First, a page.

NRF: Sustainability Still Searching for the Why
With the eco-movement at retail steadily building for years, it’s surprising
that nearly all of the Sustainability Sessions at Sunday’s NRF convention touched
on the motivations for going green. The unasked question: If the majority of
consumers still aren’t ‘demanding’ it, what’s driving the movement?
Speaking at one session, Kevin Hagen, director of social responsibility at
REI, the outdoors chain, listed reasons why retailers and brands must have
proactive plans for product stewardship. One is activists — he showed a sign
outside a Disney store exclaiming, "Stop Selling Toxic Pajamas to Kids." Second,
government agencies are holding firms accountable to know what’s in their products
and where they come from. Third, consumers are asking for more detailed social
and environmental information behind products. Finally, it’s comprehensive
programs across retail, particularly Walmart’s.
But another reason is retail’s reputation. As an example, Mr. Hagen encouraged
the room to view "Story of Stuff," a 20-minute film attacking America’s
culture of consumerism by activist Annie Leonard that has been viewed over
1.3 million times on YouTube.
"It’s going to have two impacts on you if you’re like me," said
Mr. Hagen. "First of all, it’s ‘Wow! That’s really depressing.’ The second
is ‘Wow! That’s really inflammatory.’ Because as a business person, ‘The Story
of Stuff’ says that not only are we part of the problem, we are the problem."
He also somewhat agrees that retail has culpability for the "take-make-waste" environment. "Our
sort of rational for a long time has been – ‘We’re making an economic impact
and we’re hiring people and we’re doing good things. And we’re giving people
what they want and people keep buying the stuff so it must be okay.’ – and
we kind of realize that we’re rationalizing to ourselves a little bit."
Eventually, green promises to be used much more as a sales tool. Mr. Hagen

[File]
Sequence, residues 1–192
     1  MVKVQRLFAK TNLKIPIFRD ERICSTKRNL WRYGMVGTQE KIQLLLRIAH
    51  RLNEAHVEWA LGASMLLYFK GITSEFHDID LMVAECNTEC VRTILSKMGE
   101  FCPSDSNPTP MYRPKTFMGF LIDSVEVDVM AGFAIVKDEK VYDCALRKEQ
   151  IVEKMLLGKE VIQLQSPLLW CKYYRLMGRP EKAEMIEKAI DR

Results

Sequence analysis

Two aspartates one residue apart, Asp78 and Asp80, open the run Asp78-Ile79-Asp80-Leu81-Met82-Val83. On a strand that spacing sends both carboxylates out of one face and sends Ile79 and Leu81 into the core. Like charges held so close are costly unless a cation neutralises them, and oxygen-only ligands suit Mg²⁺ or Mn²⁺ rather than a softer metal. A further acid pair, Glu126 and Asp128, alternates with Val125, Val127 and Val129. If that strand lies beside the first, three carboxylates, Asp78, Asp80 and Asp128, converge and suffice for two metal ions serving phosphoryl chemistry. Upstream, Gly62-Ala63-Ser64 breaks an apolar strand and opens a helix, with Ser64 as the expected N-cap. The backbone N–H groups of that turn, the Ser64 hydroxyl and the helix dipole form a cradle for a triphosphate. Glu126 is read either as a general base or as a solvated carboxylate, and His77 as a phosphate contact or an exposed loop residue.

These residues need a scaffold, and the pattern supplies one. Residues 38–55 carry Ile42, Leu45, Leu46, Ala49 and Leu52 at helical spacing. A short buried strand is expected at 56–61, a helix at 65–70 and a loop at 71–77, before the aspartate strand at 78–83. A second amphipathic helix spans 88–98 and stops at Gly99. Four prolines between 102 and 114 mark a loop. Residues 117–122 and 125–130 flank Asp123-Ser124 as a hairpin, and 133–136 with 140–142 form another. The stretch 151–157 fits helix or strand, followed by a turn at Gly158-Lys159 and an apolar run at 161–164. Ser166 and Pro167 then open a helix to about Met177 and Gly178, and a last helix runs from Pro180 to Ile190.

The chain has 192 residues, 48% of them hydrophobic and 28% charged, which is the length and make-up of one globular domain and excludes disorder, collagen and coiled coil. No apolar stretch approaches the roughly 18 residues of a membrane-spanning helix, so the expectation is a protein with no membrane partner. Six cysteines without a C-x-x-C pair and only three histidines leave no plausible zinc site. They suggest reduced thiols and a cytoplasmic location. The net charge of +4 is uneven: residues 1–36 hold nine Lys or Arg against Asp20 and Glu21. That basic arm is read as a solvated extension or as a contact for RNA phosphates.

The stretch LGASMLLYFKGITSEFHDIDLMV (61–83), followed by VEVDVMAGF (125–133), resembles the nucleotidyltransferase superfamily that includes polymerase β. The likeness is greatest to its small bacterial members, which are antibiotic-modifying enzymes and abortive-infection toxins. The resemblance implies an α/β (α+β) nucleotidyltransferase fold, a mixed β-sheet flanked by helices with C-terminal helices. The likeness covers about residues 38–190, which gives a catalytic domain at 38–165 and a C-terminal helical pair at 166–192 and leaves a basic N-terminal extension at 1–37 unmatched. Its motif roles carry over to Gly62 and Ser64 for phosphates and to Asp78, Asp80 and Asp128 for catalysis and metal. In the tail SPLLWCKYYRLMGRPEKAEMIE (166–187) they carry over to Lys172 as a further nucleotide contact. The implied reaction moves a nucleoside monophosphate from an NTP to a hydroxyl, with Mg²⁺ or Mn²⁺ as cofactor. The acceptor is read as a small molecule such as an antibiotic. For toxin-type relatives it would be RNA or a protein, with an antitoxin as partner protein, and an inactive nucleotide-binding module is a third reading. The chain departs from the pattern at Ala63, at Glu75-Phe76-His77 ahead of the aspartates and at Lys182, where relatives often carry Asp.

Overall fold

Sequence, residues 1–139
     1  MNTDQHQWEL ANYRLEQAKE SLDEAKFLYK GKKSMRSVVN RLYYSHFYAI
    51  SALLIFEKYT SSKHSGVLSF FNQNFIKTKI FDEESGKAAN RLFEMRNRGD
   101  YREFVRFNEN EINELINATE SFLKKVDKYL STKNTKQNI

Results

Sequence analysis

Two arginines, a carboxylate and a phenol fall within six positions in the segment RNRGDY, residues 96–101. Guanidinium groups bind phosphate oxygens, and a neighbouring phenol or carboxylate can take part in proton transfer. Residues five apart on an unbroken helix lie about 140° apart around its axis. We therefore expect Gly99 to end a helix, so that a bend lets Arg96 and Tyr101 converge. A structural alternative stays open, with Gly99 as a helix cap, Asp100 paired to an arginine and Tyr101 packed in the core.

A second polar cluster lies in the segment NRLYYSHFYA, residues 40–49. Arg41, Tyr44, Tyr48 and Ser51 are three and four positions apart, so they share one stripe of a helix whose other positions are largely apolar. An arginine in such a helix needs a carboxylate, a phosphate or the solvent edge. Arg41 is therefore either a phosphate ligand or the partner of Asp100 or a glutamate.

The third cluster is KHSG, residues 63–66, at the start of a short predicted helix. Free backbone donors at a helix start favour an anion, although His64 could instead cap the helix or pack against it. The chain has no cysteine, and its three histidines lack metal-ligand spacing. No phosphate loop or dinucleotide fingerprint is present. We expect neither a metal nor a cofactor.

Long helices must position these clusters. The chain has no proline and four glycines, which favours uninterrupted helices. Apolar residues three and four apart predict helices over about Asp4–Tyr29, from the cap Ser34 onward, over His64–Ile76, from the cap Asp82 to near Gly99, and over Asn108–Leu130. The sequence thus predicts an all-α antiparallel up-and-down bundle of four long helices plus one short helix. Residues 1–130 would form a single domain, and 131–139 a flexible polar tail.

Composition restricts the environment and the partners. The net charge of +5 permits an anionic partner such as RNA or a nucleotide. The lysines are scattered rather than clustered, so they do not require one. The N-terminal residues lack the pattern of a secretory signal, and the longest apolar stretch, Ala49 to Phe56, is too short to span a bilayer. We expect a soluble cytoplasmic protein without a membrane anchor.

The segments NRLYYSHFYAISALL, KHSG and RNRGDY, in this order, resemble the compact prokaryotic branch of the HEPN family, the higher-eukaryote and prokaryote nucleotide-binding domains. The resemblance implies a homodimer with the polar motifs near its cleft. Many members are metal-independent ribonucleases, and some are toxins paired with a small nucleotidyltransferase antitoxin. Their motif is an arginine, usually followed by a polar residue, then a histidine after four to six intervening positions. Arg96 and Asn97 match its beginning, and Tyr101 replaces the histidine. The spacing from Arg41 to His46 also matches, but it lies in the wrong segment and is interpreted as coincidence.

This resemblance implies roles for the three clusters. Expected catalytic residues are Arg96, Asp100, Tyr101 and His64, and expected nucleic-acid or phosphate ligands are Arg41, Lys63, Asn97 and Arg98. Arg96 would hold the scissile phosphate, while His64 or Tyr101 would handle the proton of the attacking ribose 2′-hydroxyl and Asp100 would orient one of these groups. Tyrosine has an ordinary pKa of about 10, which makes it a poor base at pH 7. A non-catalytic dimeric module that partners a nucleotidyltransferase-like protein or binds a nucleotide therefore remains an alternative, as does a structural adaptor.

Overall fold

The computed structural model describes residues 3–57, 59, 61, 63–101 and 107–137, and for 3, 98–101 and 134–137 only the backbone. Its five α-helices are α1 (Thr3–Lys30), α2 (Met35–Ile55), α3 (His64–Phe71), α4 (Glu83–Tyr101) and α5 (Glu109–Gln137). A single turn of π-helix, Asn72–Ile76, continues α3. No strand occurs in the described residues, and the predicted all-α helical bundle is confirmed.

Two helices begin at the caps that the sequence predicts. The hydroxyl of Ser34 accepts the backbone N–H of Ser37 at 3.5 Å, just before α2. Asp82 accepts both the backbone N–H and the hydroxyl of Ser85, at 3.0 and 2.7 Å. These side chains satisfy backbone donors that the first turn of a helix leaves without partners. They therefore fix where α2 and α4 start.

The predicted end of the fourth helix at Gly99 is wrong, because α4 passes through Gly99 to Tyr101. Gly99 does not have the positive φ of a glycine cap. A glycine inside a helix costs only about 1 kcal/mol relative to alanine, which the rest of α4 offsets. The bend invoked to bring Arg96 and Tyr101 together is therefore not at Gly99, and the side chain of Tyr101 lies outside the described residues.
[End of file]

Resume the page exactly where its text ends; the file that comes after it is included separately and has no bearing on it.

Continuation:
was speaking on behalf of the Eco Index, an environmental assessment tool being
piloted by more than 100 companies within and beyond the outdoor industry.
It is currently being used to measure the environmental footprint of apparel,
footwear and gear but expected to eventually be used as a customer-facing label,
mimicking the Energy Star series on appliances.
Four years into development, however, the content isn’t deemed to be rich
enough to come up with a rating system for consumers. Said Mr. Hagen, "Our
supply chain is great at getting us product. It’s really terrible at giving
But he insists sustainability doesn’t have to be consumer-driven.
"I think the ultimate question is – why do we need customers’ permission
to do this? We’re finding innovation in our supply chain. We’re actually driving
costs down or making better products. Consumers will love it. But they don’t
need to be the reason why we’re doing it. And ultimately they’re going to appreciate
what we’re doing and it’s [becoming a requirement]. It’s no longer the cool
green thing to sell. It’s the expectation that we know what’s in it and where
it came from and we got to figure out how to get that information."
Discussion Questions: What do you think is driving
sustainability efforts for retailers and brands? How critical is it that
sustainability programs have a strong consumer-driven component?